Politics

Trump Crowned GOP Nominee, Vows to 'Win in November'

New York businessman's improbable political ascent capped with first-ballot triumph

The New York delegation puts Donald Trump over the top for the Republican nomination to be President. (Bill Clark/CQ Roll Call)

Donald Trump officially clinched the Republican nomination for president on Tuesday, culminating an unexpected and tumultuous political ascent that energized dissatisfied Americans and alarmed the establishment. He vowed to win in November.  

House Speaker Paul D. Ryan, the chair of the Republican convention whose tepid support for the billionaire businessman hung over the party confab in Cleveland, formally declared the delegate count valid and the Trump nomination secure.  

Indiana Gov. Mike Pence was then overwhelmingly approved as the party's vice presidential selection.  

Fears for months that the convention would spiral into chaos over discomfort with Trump and fierce party divisions over who should represent it in the fall election all-but evaporated in the mid-July heat as Trump cruised to victory on the first ballot.  

When Donald Trump Jr. stepped to the microphone, his father was in reach of the goal of 1,237 delegates and the convention left it to New York to seal the deal.  

"It's my honor to be able to throw Donald Trump over the top in the delegate tonight with 89 delegates," the younger Trump said. "Congratulations, Dad. We love you."  

The crowd roared as the Frank Sinatra stand-by "New York, New York" serenaded the delegates. The unifying moment, at least temporarily, eclipsed a shaky vice presidential selection process and convention-week controversies over party rules and Melania Trump's speech.  

Trump addressed the crowd via video, thanking the delegates for their support and saying that the nomination process had come to a close. He pivoted to the general election and projected the outcome.  

"We will win in November," he said.  

Despite the resounding climax to a bruising primary and pre-convention process, there were a few interesting moments on the floor.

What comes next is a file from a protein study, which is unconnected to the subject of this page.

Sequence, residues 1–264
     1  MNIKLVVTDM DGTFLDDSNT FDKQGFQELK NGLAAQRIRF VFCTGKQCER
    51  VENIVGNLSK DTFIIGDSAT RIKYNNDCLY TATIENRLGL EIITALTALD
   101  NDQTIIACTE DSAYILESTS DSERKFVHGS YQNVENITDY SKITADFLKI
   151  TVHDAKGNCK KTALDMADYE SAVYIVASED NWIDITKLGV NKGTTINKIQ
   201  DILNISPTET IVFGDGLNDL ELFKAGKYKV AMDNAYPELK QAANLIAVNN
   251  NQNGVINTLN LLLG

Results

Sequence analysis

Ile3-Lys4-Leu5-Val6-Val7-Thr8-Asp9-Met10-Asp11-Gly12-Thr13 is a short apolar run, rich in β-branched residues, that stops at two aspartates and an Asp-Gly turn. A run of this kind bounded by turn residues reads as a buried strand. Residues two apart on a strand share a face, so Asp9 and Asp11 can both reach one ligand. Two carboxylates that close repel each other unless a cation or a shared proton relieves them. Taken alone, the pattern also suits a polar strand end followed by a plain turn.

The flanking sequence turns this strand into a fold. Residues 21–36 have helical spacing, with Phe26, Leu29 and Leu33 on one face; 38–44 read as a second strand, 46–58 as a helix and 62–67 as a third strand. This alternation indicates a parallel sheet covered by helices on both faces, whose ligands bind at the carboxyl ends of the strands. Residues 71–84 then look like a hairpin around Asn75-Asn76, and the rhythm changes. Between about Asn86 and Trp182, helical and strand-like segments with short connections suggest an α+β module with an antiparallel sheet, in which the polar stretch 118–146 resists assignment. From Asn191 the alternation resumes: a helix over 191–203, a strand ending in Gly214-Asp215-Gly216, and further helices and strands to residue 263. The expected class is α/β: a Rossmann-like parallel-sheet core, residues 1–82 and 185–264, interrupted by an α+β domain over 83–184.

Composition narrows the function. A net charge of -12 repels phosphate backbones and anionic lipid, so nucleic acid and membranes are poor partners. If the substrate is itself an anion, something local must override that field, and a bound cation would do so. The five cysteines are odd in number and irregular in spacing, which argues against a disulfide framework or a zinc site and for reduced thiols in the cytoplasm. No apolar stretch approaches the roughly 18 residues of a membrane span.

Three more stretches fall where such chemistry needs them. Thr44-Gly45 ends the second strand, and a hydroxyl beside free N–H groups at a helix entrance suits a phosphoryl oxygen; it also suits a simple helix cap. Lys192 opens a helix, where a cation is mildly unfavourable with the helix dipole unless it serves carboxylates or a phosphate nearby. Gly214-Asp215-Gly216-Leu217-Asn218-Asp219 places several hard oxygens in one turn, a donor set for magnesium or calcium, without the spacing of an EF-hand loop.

For openers,  Sens. Ted Cruz of Texas and Marco Rubio of Florida received votes, as did Ohio Gov. John Kasich. Cruz was the only one of the three scheduled to address the delegates in person.  

The District of Columbia did not cast a single delegate vote during its primary for Trump, but its tally of 19 went to him anyway due to a quirk in the federal city's rules that give the nominee all the spoils.  

When New Hampshire's turn came to announce its support, fired Trump campaign manager Corey Lewandowski cast the state's 11 delegates for him. It was an awkward moment as Lewandowski came to the microphone and addressed Trump as "my friend."  

And later in the evening, Ryan, the nation's most powerful elected Republican, stepped to the podium to push the party campaign forward — and barely mentioned Trump at all.  

Trump will face Hillary Clinton, the presumptive Democratic nominee, in the general election. Both are not popular with the public at a time when millions of Republicans and Democrats are hungry for a candidate they can not only support, but like, too.  

In the latest Economist/YouGov poll of 1,300 registered voters conducted July 15-17, Clinton led Trump 40 to 37 percent. Accounting for the survey's margin of error, the race is essentially a dead heat.  

Job creation, health care, national security and fighting terrorism were areas that survey respondents said would influence their vote.  

[ Full Coverage of the Republican National Convention ]  

Minutes later, Clinton, posted a simple tweet saying "Let's do this," and attaching a video of an interview she had with Tonight Show host Jimmy Fallon.

Niels Lesniewski and David Hawkings contributed.    

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